The Sicilian Trinacria symbol. A surface history of the image is that it is ancient Greek, represents Sicily’s triangular geography and has a Medusa with wheat. Above is my modernized version ©2009 with a better serpentine hairdo. This image is available at my Zazzle store too. I suspect that people are looking for visual references for tattoos — a great way to connect to your culture, whatever it might be.

Speaking of connections, I thought I’d blab about some music. Regular readers know this is an art blog with a lot of crosscurrents related to punk rock and Italy. How about some punk rock from Italy. The first time I heard any Italian punk was Raw Power on MRR’s Welcome to 1984 compilation and I was floored. These guys are full-tilt hardcore with true Drano-in-the-throat vocals. That song still puts most others to shame. Next up, a tape of a Wretched 7″ sealed the deal — totally raw and blistering pasta-core closer to my beloved Discharge, but with an extra note of desperation being from the arse of Europe. The rest of the 80s Italian punk is great too — Impact, Negazione, Declino, CCM, Indigesti, etc. I could go on and on…

If you are a Sicilian culture vulture, don’t just stop at a tattoo, try out some racket from the island. Shock Troopers, Sonny Corleone, Senza Tregua, Feccia Tricolore and Alter-azione totally crush and play tough, angry hard core punk. As for the rest of the country, there are like 5,000 bands, many of them hidden gems. Skruigners, Kappa Kappa Kappa, and La Crisi play tight, modern hardcore second to none that should not be missed. If you like street punk, Cervelli Stanki, S-Contro, Rappresaglia, Colonna Infame Skinhead, Gavroche, and Nabat will have you lacing up your boots and chugging down some La Rossas in no time. If metalcore and crust is more your style, Giuda, Disprezzo, Campus Sterminii, Children of Technology and Kontatto cover the crust side of things. The incredible To Kill, Violent Sutura, XDestroy BabylonX, Rumors of Gehenna, Kernel Zero, Straight Opposition and Golden Violence play some great heavy stuff too.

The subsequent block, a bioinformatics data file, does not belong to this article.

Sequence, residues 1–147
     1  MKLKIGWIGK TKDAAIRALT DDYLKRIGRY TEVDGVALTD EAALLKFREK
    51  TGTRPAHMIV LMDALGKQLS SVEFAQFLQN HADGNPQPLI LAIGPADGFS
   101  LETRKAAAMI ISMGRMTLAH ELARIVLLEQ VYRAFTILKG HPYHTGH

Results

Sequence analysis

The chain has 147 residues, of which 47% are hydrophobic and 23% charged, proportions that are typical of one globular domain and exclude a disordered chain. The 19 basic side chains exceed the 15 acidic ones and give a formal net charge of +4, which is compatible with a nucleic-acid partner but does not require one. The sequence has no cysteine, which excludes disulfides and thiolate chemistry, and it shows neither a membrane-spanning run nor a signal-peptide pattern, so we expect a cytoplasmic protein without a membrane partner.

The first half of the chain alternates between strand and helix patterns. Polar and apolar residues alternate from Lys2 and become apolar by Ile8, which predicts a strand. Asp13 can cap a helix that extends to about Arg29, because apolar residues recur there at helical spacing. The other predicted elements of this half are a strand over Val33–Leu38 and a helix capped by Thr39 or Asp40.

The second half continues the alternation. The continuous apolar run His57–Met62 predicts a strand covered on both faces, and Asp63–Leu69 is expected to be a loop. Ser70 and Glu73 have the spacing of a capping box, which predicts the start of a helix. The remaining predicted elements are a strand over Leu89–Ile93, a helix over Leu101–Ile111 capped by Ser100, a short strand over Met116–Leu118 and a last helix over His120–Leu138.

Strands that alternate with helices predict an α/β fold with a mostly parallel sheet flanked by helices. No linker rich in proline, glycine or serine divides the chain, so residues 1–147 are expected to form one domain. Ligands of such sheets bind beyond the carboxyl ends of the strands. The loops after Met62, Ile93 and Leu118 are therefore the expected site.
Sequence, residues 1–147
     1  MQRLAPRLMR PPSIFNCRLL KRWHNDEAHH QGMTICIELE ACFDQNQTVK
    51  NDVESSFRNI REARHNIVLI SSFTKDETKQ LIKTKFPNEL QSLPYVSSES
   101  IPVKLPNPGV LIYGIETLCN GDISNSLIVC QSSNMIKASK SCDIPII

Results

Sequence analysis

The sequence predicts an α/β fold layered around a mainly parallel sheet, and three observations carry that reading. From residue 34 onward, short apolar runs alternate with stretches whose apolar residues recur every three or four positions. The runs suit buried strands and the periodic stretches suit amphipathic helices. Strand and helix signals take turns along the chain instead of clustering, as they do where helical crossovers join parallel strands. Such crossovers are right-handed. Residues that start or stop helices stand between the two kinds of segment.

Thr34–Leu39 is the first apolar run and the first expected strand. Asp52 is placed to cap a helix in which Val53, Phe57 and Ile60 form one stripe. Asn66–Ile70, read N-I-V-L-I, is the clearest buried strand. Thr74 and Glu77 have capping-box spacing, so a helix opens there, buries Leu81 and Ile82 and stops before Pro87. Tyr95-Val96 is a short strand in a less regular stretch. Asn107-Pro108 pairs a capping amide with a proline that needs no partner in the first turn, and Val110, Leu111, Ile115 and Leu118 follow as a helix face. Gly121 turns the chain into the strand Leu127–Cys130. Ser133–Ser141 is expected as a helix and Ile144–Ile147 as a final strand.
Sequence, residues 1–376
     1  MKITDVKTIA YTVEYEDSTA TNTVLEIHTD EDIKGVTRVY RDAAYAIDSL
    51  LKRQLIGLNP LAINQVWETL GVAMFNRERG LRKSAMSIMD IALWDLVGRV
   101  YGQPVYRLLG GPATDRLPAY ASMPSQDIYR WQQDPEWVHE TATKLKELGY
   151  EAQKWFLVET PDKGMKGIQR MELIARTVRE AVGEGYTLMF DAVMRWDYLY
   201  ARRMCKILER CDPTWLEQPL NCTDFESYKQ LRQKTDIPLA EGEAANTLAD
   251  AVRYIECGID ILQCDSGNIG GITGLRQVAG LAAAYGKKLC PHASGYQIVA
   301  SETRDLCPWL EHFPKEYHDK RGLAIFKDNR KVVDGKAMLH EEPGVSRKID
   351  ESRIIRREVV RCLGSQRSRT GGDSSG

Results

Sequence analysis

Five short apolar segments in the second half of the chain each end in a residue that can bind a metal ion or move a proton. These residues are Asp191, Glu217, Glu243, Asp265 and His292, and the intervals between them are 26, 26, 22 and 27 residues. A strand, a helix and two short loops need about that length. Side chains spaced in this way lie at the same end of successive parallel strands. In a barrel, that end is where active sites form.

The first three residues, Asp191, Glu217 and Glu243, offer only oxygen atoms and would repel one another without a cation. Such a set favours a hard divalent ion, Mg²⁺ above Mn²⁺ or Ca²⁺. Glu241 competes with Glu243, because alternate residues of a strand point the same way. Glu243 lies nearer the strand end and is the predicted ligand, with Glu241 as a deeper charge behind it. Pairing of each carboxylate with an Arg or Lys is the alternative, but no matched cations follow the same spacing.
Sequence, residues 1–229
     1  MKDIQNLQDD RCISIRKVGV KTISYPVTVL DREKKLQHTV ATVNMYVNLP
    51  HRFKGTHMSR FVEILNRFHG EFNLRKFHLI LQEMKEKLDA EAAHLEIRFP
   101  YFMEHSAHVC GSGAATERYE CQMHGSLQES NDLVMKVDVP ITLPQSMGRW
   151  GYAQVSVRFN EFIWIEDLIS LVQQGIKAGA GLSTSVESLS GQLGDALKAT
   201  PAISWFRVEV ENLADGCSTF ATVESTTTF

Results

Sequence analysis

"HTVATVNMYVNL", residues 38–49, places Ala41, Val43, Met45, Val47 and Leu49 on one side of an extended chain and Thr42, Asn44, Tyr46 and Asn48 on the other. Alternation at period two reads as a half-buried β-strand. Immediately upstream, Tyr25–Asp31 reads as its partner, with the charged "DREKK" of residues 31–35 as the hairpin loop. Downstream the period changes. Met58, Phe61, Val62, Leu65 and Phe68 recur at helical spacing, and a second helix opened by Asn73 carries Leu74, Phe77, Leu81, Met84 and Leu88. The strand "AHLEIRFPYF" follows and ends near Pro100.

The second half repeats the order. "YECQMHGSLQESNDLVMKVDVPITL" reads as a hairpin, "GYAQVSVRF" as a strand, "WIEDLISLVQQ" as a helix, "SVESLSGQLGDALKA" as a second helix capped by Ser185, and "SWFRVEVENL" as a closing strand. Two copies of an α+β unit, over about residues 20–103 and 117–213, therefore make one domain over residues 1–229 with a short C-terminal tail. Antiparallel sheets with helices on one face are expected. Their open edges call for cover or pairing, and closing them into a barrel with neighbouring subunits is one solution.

If punk isn’t your thing, I recommend traditional folk music, or, Musica Popolare. Most southern Italian music is very spartan and raw and many of the performers prefer to sing in regional dialects or even in polyphony. Instrumentatation tends to be percussion heavy with Tamburellos, Zampogna bagpipes, Jaw harps, and Piccolos, contributing to music with a Mediterranean and Arab influence that has permeated the sound and culture for over 3,000 years. A good place to start is Rosa Balistreri, with a haunting, rustic voice and monotonous guitar. Fratelli Mancuso in the modern era make fantastic, morose music that is unbelievably complex and dense with Sardinian-styled polyphonic wailing and overtones from Persia. Another diverse group worthy of consideration is Unavantaluna, with attention to the Friscaletto and layers and layers of percussion. Non-Sicilian acts from the Salento and elsewhere and deserving of your support are politically Left-Communist E’Zezi, the great Arakne Mediterranea, and Tamburi del Vesuvio.

A tutto per oggi, amici. Ciao.


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